Guide to the telephone preference service

From 25 June this year businesses have, for the first time, been able to prevent unwanted marketing calls by registering with the corporate Telephone Preference Service (TPS).

Previously, the service only made it illegal for businesses to cold call potential residential customers and certain types of business.

A failure to comply with the regulation could incur fines of up to £5,000, so it’s important to ensure you know how the legislation affects your business.

A survey of 900 businesses by telecommunications company Solutions 42, carried out just before the new legislation came into force, showed that 70% of businesses were unaware of it.

“The general effect is that both business-to-residential and business-to-business marketing companies must verify that the prospects are not registered with the corporate TPS or, if they are registered, have agreed beforehand to receive the promotion,” explains Jane Wright, project manager for Solutions 42.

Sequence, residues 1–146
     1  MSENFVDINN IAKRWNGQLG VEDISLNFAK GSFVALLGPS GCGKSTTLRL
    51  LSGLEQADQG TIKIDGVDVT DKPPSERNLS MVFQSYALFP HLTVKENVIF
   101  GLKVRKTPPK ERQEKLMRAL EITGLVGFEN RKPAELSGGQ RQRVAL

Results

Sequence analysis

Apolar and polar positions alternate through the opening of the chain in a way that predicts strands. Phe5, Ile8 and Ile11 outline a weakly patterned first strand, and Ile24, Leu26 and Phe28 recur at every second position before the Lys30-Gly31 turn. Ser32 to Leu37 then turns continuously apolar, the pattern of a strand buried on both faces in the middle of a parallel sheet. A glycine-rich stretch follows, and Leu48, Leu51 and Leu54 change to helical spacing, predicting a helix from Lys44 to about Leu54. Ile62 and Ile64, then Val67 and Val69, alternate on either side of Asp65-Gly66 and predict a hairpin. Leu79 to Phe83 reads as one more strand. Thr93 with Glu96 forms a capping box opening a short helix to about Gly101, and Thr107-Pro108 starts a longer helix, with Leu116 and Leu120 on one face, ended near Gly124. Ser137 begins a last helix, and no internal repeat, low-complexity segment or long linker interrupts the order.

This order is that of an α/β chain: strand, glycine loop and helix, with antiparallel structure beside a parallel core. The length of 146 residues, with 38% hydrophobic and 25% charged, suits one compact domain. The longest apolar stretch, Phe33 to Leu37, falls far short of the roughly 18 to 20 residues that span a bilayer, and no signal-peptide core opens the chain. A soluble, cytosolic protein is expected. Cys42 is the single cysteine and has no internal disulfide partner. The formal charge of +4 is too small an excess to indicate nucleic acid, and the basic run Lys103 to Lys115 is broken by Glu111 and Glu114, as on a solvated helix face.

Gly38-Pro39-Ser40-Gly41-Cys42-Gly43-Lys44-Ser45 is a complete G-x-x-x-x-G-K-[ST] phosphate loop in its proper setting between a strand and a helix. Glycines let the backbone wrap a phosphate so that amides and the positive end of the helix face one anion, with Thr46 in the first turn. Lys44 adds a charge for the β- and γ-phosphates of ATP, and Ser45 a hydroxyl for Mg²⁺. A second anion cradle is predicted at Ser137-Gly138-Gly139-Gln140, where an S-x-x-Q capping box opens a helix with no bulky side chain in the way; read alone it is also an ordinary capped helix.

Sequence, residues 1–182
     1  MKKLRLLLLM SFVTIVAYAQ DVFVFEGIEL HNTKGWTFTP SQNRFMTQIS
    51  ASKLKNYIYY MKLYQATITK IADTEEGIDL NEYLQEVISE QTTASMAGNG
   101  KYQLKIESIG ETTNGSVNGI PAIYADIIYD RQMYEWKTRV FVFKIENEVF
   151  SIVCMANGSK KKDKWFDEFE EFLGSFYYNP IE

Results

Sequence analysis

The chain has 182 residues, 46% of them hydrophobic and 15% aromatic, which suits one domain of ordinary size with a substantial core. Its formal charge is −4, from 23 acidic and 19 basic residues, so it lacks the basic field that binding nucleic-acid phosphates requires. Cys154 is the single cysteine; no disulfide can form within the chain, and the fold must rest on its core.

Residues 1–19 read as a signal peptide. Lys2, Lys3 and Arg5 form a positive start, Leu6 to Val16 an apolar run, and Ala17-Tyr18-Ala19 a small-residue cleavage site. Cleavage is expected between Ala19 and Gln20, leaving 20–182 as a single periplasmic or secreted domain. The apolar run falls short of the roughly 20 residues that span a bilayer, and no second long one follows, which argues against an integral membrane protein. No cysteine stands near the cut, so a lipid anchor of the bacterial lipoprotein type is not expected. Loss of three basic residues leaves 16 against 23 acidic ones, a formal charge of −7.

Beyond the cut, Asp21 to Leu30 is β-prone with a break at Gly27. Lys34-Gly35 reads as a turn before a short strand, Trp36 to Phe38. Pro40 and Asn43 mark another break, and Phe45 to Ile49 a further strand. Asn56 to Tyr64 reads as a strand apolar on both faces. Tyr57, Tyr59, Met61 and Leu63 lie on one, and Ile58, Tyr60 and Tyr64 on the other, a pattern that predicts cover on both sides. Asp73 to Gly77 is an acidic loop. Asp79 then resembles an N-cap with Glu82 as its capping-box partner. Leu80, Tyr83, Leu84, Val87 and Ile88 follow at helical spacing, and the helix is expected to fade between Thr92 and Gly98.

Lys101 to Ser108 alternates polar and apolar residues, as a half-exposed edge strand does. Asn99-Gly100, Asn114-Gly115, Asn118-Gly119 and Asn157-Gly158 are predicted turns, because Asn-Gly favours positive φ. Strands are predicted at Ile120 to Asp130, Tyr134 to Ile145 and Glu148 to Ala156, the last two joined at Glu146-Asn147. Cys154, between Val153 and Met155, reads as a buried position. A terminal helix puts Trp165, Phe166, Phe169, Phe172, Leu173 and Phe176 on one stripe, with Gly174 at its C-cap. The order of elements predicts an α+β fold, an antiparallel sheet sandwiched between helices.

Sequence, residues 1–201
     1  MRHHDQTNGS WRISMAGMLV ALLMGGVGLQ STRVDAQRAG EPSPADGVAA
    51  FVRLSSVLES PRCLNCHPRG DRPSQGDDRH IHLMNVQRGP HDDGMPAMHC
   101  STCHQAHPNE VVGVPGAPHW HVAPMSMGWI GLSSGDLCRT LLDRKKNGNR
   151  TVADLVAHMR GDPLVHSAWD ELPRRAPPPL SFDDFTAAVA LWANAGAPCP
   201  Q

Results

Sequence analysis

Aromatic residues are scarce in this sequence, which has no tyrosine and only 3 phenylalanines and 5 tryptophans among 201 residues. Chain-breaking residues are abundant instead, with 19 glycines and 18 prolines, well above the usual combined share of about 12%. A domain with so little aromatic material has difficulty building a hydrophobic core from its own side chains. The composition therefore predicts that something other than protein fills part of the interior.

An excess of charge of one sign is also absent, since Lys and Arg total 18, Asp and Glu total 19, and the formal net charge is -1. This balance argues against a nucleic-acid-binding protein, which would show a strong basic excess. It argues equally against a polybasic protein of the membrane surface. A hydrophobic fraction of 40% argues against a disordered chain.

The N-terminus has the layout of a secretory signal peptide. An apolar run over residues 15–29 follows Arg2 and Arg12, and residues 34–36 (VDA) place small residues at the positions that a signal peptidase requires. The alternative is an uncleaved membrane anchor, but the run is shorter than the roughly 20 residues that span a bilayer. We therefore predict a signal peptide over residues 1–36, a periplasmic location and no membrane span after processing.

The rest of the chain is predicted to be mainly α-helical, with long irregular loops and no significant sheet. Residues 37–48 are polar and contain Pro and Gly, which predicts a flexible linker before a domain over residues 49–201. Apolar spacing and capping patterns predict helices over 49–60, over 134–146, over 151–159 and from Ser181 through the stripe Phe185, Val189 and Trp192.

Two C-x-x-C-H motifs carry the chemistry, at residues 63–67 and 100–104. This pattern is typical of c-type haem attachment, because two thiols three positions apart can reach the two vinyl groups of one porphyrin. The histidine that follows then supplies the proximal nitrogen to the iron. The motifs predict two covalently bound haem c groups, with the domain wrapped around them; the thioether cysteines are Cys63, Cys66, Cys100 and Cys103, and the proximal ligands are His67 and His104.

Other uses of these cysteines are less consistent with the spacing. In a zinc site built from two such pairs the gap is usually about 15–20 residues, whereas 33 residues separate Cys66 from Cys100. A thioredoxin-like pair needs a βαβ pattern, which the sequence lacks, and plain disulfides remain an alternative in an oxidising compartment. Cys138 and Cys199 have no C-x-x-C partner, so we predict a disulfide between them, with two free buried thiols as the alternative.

The legislation does not include market research. The Data Commissioner has issued guidance on the regulation, including information on what constitutes a marketing call, and explanation of responsibilities to ensure you comply with marketing regulations.

“Businesses may buy data screened for TPS compliance. This will need to be updated every month as the list changes. Alternatively, the calls can be routed via a supplier who will bar any call to a TPS registered number. For small businesses requiring individual numbers to be checked a free service is available at,” adds Wright.

She also suggests that sales staff will require training concerning the extension of the regulations so that consents may be achieved and TPS-registered clients are not contacted by mistake.

“Where external contact centre staff are used or where external mailing lists are purchased, care should be taken to verify the third party complies with the regulations. The responsibility will still remain with the company on whose behalf the call is made,” cautions Wright.

Ben Lobel

Ben Lobel

Ben Lobel was the editor of from 2010 to 2018. He specialises in writing for start-up and scale-up companies in the areas of finance, marketing and HR.

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